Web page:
The CHOC Children's Comprehensive Epilepsy Program is the regional leader in pediatric epilepsy care, offering leading-edge diagnostics, innovative medical approaches and advanced surgical interventions from the nation's foremost epilepsy experts.
Named a Level 4 epilepsy center by the National Association of Epilepsy Centers (NAEC), the CHOC Children's Comprehensive Epilepsy Program provides comprehensive care for children with epilepsy, using a multidisciplinary team. CHOC is the only children's hospital in California to have received this prestigious distinction.
Comprehensive Epilepsy Program
1120 W. La Veta Ave., Suite 125
Orange, CA 92868
The Latest Neurodiagnostics
Our pediatric specialists utilize the newest technology to identify the foci, or the area of the brain where seizures are originating. State-of-the-art diagnostic tests are employed to diagnose or confirm an epilepsy diagnosis—which may include electroencephalogram (EEG), magnetic resonance imaging (MRI), single-photon emission computed tomography (SPECT) scan, positron emission tomography (PET) scan and and long-term EEG monitoring (LTM).
We proudly offer an eight-bed inpatient epilepsy monitoring unit (EMU) at CHOC Children's Orange and a four-bed inpatient EMU at CHOC Children's at Mission Hospital. Both dedicated units are staffed 24/7 by our registered EEG technologists to monitor patients around the clock. Long-term EEG monitoring allows physicians to pinpoint more precisely where a child is having seizures. Based on the results of the studies and work-ups, our pediatric epileptologists can determine the type of seizures or epilepsy syndrome and make individualized treatment recommendations—or rule out an epilepsy diagnosis altogether.
Epilepsy Treatment Options
The goal of seizure management is to control a child's seizures completely without interfering with the child's normal growth and development.
- Medications that treat epilepsy are recommended based on the type of seizures, age of the child and side effects.
- Ketogenic Diet is sometimes offered to children who still have seizures while on medication. The ketogenic diet is very high in fat and low in carbohydrates. It is not appropriate in all cases and is only to be used under close physician and dietitian supervision.
- Vagus Nerve Stimulation (VNS) can control seizures by sending small pulses of energy to the brain from the vagus nerve, which is a large nerve in the neck. VNS is used as a palliative measure to help control seizures. A small battery is surgically placed into the chest wall and attached to the vagus nerve with small wires. It is programmed to send intermittent energy impulses to the brain. This signaling significantly reduces seizures in approximately one-third of patients. In addition, when the child feels a seizure coming on, he or she can activate the VNS, helping to stop the seizure.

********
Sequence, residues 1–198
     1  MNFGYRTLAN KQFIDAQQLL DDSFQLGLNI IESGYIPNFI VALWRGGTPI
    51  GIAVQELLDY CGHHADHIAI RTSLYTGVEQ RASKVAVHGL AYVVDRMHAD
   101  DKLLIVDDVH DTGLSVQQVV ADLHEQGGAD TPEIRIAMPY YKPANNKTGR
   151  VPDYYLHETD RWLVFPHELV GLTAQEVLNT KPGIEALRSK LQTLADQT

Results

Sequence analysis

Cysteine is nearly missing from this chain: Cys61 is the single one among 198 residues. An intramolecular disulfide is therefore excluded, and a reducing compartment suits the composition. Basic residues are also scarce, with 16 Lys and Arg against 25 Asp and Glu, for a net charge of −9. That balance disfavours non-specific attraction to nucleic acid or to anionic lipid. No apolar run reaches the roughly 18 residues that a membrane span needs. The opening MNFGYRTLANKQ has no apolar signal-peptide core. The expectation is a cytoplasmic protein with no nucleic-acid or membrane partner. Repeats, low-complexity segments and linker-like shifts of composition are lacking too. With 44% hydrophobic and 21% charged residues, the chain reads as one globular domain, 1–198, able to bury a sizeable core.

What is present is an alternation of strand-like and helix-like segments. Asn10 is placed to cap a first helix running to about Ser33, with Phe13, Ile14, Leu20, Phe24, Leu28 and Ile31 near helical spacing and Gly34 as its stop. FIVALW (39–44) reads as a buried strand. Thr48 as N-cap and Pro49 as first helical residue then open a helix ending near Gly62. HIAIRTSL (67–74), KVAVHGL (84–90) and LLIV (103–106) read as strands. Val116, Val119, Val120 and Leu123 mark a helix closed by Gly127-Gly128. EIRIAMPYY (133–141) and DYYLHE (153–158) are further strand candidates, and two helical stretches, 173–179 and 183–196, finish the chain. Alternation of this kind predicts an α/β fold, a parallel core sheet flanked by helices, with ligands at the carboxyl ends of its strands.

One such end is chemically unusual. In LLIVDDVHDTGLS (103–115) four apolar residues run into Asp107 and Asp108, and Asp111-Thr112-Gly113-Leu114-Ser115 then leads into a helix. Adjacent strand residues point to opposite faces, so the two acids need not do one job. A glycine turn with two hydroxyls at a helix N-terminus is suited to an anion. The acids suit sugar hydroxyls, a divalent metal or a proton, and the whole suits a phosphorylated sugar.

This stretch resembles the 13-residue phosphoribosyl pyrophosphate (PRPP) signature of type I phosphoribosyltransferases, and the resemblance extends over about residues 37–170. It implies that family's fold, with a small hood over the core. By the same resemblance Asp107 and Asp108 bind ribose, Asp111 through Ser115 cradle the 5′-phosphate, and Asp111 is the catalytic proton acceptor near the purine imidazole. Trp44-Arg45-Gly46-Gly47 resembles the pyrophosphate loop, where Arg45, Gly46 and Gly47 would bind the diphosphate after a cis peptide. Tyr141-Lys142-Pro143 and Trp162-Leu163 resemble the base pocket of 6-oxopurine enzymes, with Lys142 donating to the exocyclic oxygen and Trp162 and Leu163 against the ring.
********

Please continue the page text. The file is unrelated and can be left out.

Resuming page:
Epilepsy Surgery: Taking on the Tough Cases
Sometimes seizures cannot be controlled by medications. If a child with epilepsy has failed at least two medications, he or she should be evaluated for epilepsy surgery. In some cases, surgery can be a cure for epilepsy. Surgical candidates require extensive preoperative testing and evaluation.
What is Epilepsy Surgery?
There are two basic types of epilepsy surgery. One method involves removing the portion of the brain that is causing the seizures. The other type involves disconnecting or interrupting the nerve pathways that spread the seizure impulses.
The neurosurgeon may place a thin, flexible grid of electrodes on the brain to monitor the brain’s electrical activity. The electrodes are not painful on the brain's surface and are well tolerated. The patient comes back to the LTM unit for EEG monitoring. Our epilepsy team then closely monitors the patient in the hospital for several days, capturing seizures. This invasive monitoring helps the epileptologists determine the precise seizure focus.
Once pinpointed, the seizure focus is removed. Both the neurosurgeon and epilepsy specialist are in the operating room. The grid is removed at the time of the resection.
Calm and Comfortable
Because tests and treatment options can seem overwhelming for children with epilepsy, our child life specialists help every step of the way. From medical exploration and play to emotional support, child life teaches children techniques for coping with stress and anxiety, helping them to feel calm and more confident during diagnostic tests or a hospital stay.
World-renowned Pediatric Epileptologist Leads the Charge
Mary Zupanc, MD, has built comprehensive pediatric epilepsy programs at Mayo Clinic, Columbia University, the NYU School of Medicine and, most recently, Children’s Hospital of Wisconsin. She’s published more than 35 peer-reviewed scientific papers.
More about Our Epilepsy Team
Lead by Dr. Zupanc, our epilepsy program team is consists of clinical and support staff who are specifically trained in the care of children with neurological disorders:
- Epileptologists (pediatric neurologists with specialized training in epilepsy)
- Registered EEG technologists
- Physical therapists
- Clinical registered dietitians
- Clinical pharmacists
- Nurses and nurse practitioners
- Social workers, child life specialists and case coordinators.